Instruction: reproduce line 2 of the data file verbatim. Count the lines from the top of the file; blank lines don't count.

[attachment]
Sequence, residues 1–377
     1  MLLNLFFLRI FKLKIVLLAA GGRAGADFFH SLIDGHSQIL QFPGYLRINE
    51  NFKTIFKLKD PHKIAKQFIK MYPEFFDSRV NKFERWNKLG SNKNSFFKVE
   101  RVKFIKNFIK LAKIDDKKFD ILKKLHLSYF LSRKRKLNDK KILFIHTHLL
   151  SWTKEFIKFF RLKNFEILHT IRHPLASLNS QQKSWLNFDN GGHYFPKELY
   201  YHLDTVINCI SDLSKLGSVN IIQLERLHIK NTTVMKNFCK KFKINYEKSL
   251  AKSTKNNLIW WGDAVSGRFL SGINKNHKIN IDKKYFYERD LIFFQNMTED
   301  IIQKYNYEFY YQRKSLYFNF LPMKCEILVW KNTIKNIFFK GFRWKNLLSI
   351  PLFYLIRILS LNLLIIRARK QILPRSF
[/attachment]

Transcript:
     1  MLLNLFFLRI FKLKIVLLAA GGRAGADFFH SLIDGHSQIL QFPGYLRINE